Recent revelations have revealed that as early as 2012 the United States Department of Defense not only anticipated the creation of a "Salafist Principality" straddling Syria and Iraq precisely where ISIS now exists, it welcomed it eagerly and contributed to the circumstances required to bring it about.

Just How Extensive Are ISIS' Supply Lines?

While many across the West play willfully ignorant as to where ISIS truly gets their supplies from in order to maintain its impressive fighting capacity, some journalists have traveled to the region and have video taped and reported on the endless convoys of trucks supplying the terrorist army.

Were these trucks traveling to and from factories in seized ISIS territory deep within Syrian and Iraqi territory? No. They were traveling from deep within Turkey, crossing the Syrian border with absolute impunity, and headed on their way with the implicit protection of nearby Turkish military forces. Attempts by Syria to attack these convoys and the terrorists flowing in with them have been met by Turkish air defenses.

Germany's international broadcaster Deutsche Welle (DW) published the first video report from a major Western media outlet illustrating that ISIS is supplied not by "black market oil" or "hostage ransoms" but billions of dollars worth of supplies carried into Syria across NATO member Turkey's borders via hundreds of trucks a day.

The report titled, "'IS' supply channels through Turkey," confirms what has been reported by geopolitical analysts since at least as early as 2011 – that ISIS subsides on immense, multi-national state sponsorship, including, obviously, Turkey itself.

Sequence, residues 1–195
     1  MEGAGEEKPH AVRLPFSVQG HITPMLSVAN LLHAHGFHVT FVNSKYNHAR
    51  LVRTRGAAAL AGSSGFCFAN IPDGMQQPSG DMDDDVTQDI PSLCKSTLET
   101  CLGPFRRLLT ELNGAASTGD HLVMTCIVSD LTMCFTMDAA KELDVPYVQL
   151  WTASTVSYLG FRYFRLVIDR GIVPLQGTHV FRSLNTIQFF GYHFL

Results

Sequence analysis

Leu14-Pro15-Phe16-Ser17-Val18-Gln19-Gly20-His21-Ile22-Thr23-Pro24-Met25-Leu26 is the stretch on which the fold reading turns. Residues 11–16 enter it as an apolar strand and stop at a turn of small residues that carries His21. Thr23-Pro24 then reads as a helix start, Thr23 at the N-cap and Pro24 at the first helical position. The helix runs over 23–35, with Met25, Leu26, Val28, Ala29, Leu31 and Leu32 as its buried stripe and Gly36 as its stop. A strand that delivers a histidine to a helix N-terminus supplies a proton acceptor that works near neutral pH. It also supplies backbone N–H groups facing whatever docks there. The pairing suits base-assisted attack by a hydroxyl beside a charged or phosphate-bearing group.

Looking at maps of ISIS-held territory and reading action reports of its offensive maneuvers throughout the region and even beyond, one might imagine hundreds of trucks a day would be required to maintain this level of fighting capacity. One could imagine similar convoys crossing into Iraq from Jordan and Saudi Arabia. Similar convoys are likely passing into Syria from Jordan.

In all, considering the realities of logistics and their timeless importance to military campaigns throughout human history, there is no other plausible explanation to ISIS's ability to wage war within Syria and Iraq besides immense resources being channeled to it from abroad.

If an army marches on its stomach, and ISIS' stomachs are full of NATO and Persian Gulf State supplies, ISIS will continue to march long and hard. The key to breaking the back of ISIS, is breaking the back of its supply lines. To do that however, and precisely why the conflict has dragged on for so long, Syria, Iraq, Iran, and others would have to eventually secure the borders and force ISIS to fight within Turkish, Jordanian, and Saudi territory – a difficult scenario to implement as nations like Turkey have created defacto buffer zones within Syrian territory which would require a direct military confrontation with Turkey itself to eliminate.

With Iran joining the fray with an alleged deployment of thousands of troops to bolster Syrian military operations, overwhelming principles of deterrence may prevent Turkey enforcing its buffer zones.

What we are currently left with is NATO literally holding the region hostage with the prospect of a catastrophic regional war in a bid to defend and perpetuate the carnage perpetrated by ISIS within Syria, fully underwritten by an immense logistical network streaming out of NATO territory itself.

Tony Cartalucci, Bangkok-based geopolitical researcher and writer, especially for the online magazine"New Eastern Outlook".